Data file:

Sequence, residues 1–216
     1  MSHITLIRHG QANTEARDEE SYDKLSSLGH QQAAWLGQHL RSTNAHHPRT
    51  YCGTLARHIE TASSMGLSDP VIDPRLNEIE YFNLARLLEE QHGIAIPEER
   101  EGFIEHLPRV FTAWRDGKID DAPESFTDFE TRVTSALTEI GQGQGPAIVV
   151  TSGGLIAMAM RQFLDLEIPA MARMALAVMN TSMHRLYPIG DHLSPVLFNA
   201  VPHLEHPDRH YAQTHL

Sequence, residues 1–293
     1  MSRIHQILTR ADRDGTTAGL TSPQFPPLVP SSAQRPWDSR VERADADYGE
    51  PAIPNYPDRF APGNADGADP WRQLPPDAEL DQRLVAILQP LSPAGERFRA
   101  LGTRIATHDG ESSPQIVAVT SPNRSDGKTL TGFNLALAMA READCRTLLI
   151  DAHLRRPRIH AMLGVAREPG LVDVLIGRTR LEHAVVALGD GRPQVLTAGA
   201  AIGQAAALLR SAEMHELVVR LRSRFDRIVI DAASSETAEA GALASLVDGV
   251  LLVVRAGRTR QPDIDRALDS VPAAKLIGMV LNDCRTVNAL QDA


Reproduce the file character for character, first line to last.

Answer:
Sequence, residues 1–216
     1  MSHITLIRHG QANTEARDEE SYDKLSSLGH QQAAWLGQHL RSTNAHHPRT
    51  YCGTLARHIE TASSMGLSDP VIDPRLNEIE YFNLARLLEE QHGIAIPEER
   101  EGFIEHLPRV FTAWRDGKID DAPESFTDFE TRVTSALTEI GQGQGPAIVV
   151  TSGGLIAMAM RQFLDLEIPA MARMALAVMN TSMHRLYPIG DHLSPVLFNA
   201  VPHLEHPDRH YAQTHL

Sequence, residues 1–293
     1  MSRIHQILTR ADRDGTTAGL TSPQFPPLVP SSAQRPWDSR VERADADYGE
    51  PAIPNYPDRF APGNADGADP WRQLPPDAEL DQRLVAILQP LSPAGERFRA
   101  LGTRIATHDG ESSPQIVAVT SPNRSDGKTL TGFNLALAMA READCRTLLI
   151  DAHLRRPRIH AMLGVAREPG LVDVLIGRTR LEHAVVALGD GRPQVLTAGA
   201  AIGQAAALLR SAEMHELVVR LRSRFDRIVI DAASSETAEA GALASLVDGV
   251  LLVVRAGRTR QPDIDRALDS VPAAKLIGMV LNDCRTVNAL QDA